During her 20 year tenure as city comptroller of Dixon, IL, Rita Crundwell embezzled more than $53 million of public funds. This moral failure makes her the perpetrator of the largest case of municipal fraud in U.S. history. While forcing staff lay-offs, police budget cuts, and neglect of public infrastructure, she used the funds to create one of the nation’s leading quarter horse breeding empires.
The documentary, ALL THE QUEEN’S HORSES (now on Netflix), investigates her crime, her lavish lifestyle, and the small town she left traumatized as a result.
Confidence is power.
To be clear, her accounting skills were as necessary as her communication skills in pulling off this crime. However, without her apparent knack for inspiring a complete confidence in herself, she could have never succeeded in this fraud.
Such misuse of power and corruption give my industry a bad rap. “You merely teach people how to sugar-coat things,” I’m told. Or, “Everyone just needs to say what they mean and mean what they say.” We all yearn to live in that ultimate meritocracy.
Words carry power.
Which is why Roman orator and lawyer Cicero defined rhetoric as “the good man speaking well.” Skill in communication can be used for good or evil.
Effective and confident messaging comes easily to some people. There are those who make friends effortlessly and seem to always be in the center of things. Neither of these was true for me, but early in my career I saw that competence and confidence did not always travel in the same suitcase. People notice confidence before they are even able to ascertain any authentic competence.
And most interesting of all, people who appear super ultra maximized confident, don’t always feel confident, but they give off all the right signals.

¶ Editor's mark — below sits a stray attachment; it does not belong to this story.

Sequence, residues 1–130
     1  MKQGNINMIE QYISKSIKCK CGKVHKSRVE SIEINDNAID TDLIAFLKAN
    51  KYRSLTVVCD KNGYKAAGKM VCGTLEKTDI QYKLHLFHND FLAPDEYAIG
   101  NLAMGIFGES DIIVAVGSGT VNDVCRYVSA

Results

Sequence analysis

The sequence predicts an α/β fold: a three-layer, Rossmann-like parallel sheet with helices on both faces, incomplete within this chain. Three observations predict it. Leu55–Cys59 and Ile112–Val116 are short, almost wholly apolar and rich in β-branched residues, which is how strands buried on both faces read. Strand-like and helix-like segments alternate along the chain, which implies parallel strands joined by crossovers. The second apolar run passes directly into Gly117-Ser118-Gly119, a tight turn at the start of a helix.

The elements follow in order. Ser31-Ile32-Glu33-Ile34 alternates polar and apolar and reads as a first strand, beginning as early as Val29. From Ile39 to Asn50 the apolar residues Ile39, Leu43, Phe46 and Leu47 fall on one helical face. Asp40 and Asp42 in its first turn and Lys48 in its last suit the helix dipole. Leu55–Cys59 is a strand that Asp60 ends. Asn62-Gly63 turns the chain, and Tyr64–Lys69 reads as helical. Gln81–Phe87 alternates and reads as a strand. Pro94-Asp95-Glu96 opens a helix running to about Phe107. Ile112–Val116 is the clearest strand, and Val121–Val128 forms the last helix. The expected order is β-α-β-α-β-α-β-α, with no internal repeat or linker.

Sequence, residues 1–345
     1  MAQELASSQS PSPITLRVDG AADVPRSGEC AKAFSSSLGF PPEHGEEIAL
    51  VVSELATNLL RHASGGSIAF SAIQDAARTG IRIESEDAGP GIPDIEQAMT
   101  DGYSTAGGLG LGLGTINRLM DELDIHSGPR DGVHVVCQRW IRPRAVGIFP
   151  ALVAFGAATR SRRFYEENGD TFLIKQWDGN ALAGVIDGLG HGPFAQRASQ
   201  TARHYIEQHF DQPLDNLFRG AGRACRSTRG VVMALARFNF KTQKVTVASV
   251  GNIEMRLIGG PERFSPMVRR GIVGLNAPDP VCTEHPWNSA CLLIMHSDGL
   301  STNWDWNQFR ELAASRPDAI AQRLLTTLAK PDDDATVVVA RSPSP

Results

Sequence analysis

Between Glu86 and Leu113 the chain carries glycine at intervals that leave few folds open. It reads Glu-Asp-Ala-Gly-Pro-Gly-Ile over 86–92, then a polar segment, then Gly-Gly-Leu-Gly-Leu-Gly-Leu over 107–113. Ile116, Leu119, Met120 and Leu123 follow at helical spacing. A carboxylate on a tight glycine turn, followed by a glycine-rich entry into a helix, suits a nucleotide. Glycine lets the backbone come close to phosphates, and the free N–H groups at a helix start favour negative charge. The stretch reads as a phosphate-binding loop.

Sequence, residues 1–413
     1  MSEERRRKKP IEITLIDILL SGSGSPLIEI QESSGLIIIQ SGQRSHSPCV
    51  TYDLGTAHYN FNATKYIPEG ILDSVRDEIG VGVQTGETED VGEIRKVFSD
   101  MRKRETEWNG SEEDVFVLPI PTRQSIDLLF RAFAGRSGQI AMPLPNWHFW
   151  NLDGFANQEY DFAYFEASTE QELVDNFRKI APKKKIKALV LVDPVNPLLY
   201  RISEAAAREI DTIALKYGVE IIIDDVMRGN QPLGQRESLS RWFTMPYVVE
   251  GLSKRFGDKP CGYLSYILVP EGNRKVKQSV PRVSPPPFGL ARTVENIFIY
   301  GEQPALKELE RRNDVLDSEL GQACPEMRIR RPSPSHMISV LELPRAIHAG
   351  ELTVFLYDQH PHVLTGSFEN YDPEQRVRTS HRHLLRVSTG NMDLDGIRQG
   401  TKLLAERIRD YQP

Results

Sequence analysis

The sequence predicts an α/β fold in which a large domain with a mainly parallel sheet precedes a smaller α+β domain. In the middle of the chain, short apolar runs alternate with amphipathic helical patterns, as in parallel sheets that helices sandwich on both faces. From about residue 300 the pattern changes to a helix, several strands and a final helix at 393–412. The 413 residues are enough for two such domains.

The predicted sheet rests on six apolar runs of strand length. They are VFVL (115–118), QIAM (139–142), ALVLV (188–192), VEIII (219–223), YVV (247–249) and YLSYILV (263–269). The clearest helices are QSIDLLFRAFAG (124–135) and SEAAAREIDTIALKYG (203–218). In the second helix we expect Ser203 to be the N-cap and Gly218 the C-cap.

So even if you’re terrified of giving that presentation, assuming some of these confidence “tells” will help you and your audience. The last thing you want is your audience wondering if you’re going to make it through your talk without a breakdown! You want them to hang on to every single word, admiring each pearl of wisdom.
Confidence before Competence
The human person seems to be hard-wired to judge competence based on confidence.
To review, these are the most obvious “tells” of a confident person:
The importance of eye contact is especially true in American culture. In some cultures, it is disrespectful to look at people who are over you, in the eye. Here we connect eye contact with truthfulness, which is why we are especially bothered when people look us in the eye and lie to our faces!
If you feel weird or like you’re staring at someone, be sure to notice what color their eyes are and see if you can tell if they’re wearing contacts.
The thinking here is that if you’re relaxed, you’re not anxious and if you’re not anxious, then you’re confident. Research shows that women are much more likely to be diagnosed with anxiety than men. Scientific American reports the lifetime rate of diagnosis of anxiety disorders is higher in women, with 33 percent experiencing an anxiety disorder in their lifetime, as compared with 22 percent of men.
Simply ask yourself, “What can I do to feel more relaxed right now?” Challenge your thoughts that are driving your anxious feelings.
Slumping makes you look tired. I tell my clients to stretch themselves to be an inch taller before entering the meeting; this author recommends using duct tape to improve your posture. I’m going to try it at my next big conference.
Your body speaks to your mind and your mind to your body. Assuming confident body position raises your mental confidence.
The person who speaks first is the one controlling the conversation. If you don’t know anyone, pretend everyone there secretly wants to get to know you but are too intimidated to make the first move. That’s actually most likely true.
Introduce yourself, ask how the other person is doing. If you’re not a natural storyteller, ask questions. Here are 25 Imaginative Conversation Starters. Surely you can use one or two of these on a consistent basis.
Take a few deep breaths S L O W L Y.
Insert some pauses in your conversation. The best time for that pause is right before answering a question.
This is one I have the hardest time with, but I find that when I slow down in my presentation, the audience is better able to receive what I’m saying. Rushing around increases everyone’s tension. Tense people can not easily focus on what you’re saying.
As you look folks in the eye, stand up straight, introduce yourself, and slow down all while feeling relaxed, you’ll come across as a confident person. Confidence is power.
Just don’t abuse it. I’m not bailing you out of jail.